SIFLW: Original Star Trek Movies as a Non-Trekkie

On this week's episode of Something Interesting From Last Week: The original Star Trek movies!

So yeah, last week I marathoned all the original Star Trek movies. I rather enjoy J. J. Abrams's new reboots of the franchise and—with the vague notion that they somehow broke with tradition—I wanted to see if the original films were accessible to someone who hadn't seen any of the television episodes. The short answer is yes. For the most part I didn't feel like there was something I should have known or something the movies weren't telling me. It was easy to pick up on who the characters were and what parts they were supposed to be playing. I think my understanding and appreciation may have been enhanced if I knew more about the series, but it never felt like I was missing out on anything major. 

So here's a quick run-down of the movies. The basic layout of the twelve movies is this: the first six movies feature the original crew of Kirk, Spock, McCoy (Bones), Scotty, etc; the next four movies feature the Next Generation crew of Picard, Riker, Data, Worf, etc; and the final two movies feature the rebooted original crew. The first movie, Star Trek: The Motion Picture, is interesting in that it features the original crew of the Enterprise but almost none of the world they would usually inhabit. Some of the characters are given new backstories and many of the star Trek visual coordinates are missing (eg. the Romulans). 

The second, The Wrath of Khan, is pretty uncontested as the most beloved, in part for its central villain (Khan, who originally appeared in the television episodes and who was rebooted in Into Darkness) and for its generally solid construction both in terms of the writing and production value. Every subsequent installment in the franchise would basically be living beneath its shadow, highlighted by the fact that the next two movies (Search for Spock and Voyage Home) simply continue where it left off rather than starting fresh. The Voyage Home is also an interesting case since it took the risk of being a comedy more than an adventure and placing the crew of the Enterprise in 20th century California (it is largely considered a success).

Star Trek V: The Final Frontier is where the foundation of these movies started to really feel shaky. It was directed by William Shatner himself (the actor who played Kirk) and his overconfidence really shows. The movie attempts to tackle enormous questions like the existence of God against an occasionally comedic background composed of McCoy's silly one-liners and Kirk and Spock's bromance. Fortunately they got it back together for Star Trek VI: The Undiscovered Country and reteamed with Nicholas Meyer, the director of Wrath of KhanUndiscovered Country succeeded in filling the void left in the wake of Khan by presenting a well-written story based on developed characters and fully utilizing all the tools in the Star Trek arsenal.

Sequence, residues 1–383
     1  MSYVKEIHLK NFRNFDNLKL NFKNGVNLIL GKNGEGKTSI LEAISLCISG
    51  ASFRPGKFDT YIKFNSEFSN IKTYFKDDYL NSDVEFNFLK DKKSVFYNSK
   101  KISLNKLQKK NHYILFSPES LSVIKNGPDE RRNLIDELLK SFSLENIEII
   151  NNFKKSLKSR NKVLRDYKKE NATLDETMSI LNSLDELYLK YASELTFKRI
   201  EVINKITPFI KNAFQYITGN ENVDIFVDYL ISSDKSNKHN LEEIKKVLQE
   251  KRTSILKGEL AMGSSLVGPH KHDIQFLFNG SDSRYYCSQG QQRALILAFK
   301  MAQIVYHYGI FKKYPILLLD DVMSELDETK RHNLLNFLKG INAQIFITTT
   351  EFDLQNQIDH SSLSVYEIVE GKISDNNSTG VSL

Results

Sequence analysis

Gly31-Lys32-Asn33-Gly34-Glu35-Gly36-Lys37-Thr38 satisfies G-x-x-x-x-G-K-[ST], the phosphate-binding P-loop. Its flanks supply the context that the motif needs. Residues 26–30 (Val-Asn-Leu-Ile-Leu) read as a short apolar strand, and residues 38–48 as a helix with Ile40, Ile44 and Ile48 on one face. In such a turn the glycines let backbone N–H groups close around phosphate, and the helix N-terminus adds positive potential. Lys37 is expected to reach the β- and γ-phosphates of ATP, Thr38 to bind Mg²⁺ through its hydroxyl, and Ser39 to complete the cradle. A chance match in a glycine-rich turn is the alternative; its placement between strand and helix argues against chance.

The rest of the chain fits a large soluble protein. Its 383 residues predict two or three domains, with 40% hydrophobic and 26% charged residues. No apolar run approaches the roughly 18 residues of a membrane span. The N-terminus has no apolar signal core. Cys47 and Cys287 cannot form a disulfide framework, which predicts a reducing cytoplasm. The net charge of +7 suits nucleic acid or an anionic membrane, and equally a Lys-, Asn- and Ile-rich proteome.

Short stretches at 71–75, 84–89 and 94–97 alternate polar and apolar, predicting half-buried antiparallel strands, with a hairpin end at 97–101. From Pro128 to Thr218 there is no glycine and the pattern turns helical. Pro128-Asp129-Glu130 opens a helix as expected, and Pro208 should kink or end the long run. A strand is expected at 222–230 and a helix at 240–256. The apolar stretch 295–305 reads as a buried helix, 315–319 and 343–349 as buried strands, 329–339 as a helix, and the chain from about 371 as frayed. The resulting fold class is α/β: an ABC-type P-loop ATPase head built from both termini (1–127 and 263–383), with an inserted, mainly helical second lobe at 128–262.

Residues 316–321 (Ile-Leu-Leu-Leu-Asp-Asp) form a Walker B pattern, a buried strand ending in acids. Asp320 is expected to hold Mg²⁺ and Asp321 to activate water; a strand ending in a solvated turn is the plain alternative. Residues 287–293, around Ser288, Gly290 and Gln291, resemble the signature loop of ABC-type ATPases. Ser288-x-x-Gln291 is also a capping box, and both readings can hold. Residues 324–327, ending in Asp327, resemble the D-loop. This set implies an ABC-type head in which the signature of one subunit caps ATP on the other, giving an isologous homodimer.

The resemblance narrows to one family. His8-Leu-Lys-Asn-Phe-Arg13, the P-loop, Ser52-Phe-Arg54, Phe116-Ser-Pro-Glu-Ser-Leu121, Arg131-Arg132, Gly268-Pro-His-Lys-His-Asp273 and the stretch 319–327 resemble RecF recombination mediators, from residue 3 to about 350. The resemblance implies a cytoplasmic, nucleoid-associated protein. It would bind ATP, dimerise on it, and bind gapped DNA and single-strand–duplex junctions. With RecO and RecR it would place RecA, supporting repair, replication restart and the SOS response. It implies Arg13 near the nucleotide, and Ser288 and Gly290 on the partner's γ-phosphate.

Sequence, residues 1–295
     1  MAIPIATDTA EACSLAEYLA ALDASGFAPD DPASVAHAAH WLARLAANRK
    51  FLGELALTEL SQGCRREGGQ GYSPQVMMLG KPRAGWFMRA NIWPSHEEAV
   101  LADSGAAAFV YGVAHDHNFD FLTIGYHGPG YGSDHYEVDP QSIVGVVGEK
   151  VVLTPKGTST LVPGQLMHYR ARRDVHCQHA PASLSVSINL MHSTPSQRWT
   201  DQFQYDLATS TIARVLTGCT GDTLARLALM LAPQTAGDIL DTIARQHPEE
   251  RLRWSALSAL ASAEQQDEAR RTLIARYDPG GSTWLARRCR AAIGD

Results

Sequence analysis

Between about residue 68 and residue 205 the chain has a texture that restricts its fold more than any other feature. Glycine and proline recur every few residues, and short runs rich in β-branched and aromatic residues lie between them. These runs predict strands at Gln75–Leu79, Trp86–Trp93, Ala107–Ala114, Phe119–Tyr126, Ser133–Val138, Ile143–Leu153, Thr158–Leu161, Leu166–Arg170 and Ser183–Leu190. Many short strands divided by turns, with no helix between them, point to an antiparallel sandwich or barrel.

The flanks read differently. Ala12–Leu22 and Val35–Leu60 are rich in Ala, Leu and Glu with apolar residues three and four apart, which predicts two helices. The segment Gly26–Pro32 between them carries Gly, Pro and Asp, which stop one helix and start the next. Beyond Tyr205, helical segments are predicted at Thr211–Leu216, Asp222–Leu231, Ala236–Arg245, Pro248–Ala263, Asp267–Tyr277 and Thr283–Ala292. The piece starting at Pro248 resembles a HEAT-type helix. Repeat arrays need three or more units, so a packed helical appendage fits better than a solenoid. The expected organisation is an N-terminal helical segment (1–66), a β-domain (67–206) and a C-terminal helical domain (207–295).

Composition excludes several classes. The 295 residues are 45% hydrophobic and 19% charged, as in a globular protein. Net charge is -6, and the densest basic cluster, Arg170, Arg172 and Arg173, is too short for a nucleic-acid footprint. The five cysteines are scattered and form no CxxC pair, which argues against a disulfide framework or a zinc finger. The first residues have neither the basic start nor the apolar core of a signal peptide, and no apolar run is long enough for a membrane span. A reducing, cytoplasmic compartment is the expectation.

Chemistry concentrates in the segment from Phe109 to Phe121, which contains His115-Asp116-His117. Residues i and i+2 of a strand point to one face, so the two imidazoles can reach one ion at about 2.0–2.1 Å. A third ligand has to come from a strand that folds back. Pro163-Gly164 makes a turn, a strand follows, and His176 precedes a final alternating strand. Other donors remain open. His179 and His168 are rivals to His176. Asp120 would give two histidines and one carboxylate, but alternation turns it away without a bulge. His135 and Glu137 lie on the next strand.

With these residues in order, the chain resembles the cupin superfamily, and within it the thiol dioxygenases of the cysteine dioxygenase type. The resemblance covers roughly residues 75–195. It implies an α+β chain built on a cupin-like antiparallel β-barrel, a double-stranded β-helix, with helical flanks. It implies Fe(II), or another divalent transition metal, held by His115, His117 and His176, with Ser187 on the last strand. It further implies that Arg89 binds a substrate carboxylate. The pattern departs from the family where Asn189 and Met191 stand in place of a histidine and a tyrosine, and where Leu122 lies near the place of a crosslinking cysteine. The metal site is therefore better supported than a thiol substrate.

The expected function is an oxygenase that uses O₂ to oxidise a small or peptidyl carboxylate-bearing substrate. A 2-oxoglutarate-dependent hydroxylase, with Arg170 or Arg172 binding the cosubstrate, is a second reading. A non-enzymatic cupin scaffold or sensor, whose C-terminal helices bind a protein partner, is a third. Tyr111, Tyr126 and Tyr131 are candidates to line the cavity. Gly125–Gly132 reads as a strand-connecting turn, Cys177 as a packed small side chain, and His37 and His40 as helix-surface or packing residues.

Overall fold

From here we transition to the Next Generation crew, and Star Trek: Generations had the unenviable task of uniting the two timelines (it stars both Kirk and Picard). It is a bit of a divisive film as it significantly improves on the failure of Final Frontier but doesn't nearly reach the greatness of Wrath of Khan or Undiscovered Country. Fortunately the series made a quick recovery with the excellent First Contact, a movie that used established and effective character arcs to tell a more action-based story. Afterward however the series struggled to find its feet again, with Insurrection apparently imitating (unsuccessfully) the structure of the television shows and Nemesis presenting a flat rehash of the Wrath of Khan story (Nemesis was the first to not make it's budget back at the domestic box office, barely breaking even after international).

And this is where the J. J. Abrams reboots come in. These two movies were also rather divisive, with fans and critics alike unable to agree on the question of their quality. They stand out from the rest of the franchise not only in their story, but in their structure. Both reboots are longer than any other Star Trek movie besides the first (Motion Picture), and both received a much larger budget and made significantly larger profits (even if you take inflation into account). Compared to the original series movies they're less thematically dense but more action-packed, and compared to the Next Generation movies they're more character-driven and less action-packed.

Here's some raw data:

Star Trek: The Motion Picture (1979)
Director: Robert Wise
132 minutes
Budget: $35 million
Gross: $129 million

Star Trek II: The Wrath of Khan (1982)
Director: Nicholas Meyer
113 minutes
Budget: $11 million
Gross: $97 million

Star Trek III: The Search for Spock (1984)
Director: Leonard Nimoy
105 minutes
Budget: $18 million
Gross: $87 million

Star Trek IV: The Voyage Home (1986)
Director: Leonard Nimoy
119 minutes
Budget: $24 million
Gross: $133 million

Star Trek V: The Final Frontier (1989)
Director: William Shatner
107 minutes
Budget: $30 million
Gross: $70 million

Star Trek VI: The Undiscovered Country (1991)
Director: Nicholas Meyer
109 minutes
Budget: $27 million
Gross: $97 million

Star Trek: Generations (1994)
Director: David Carson
117 minutes
Budget: $35 million
Gross: $120 million

Star Trek: First Contact (1996)
Director: Jonathan Frakes
111 minutes
Budget: $46 million
Gross: $150 million

Star Trek: Insurrection (1998)
Director: Jonathan Frakes
103 minutes
Budget: $58 million
Gross: $118 million

Star Trek: Nemesis (2002)
Director: Stuart Baird
116 minutes
Budget: $60 million
Gross: $67 million

Star Trek (2009)
Director: J. J. Abrams
126 minutes
Budget: $150 million
Gross: $385 million

Star Trek Into Darkness (2013)
Director: J. J. Abrams
132 minutes
Budget: $190 million
Gross: $467 million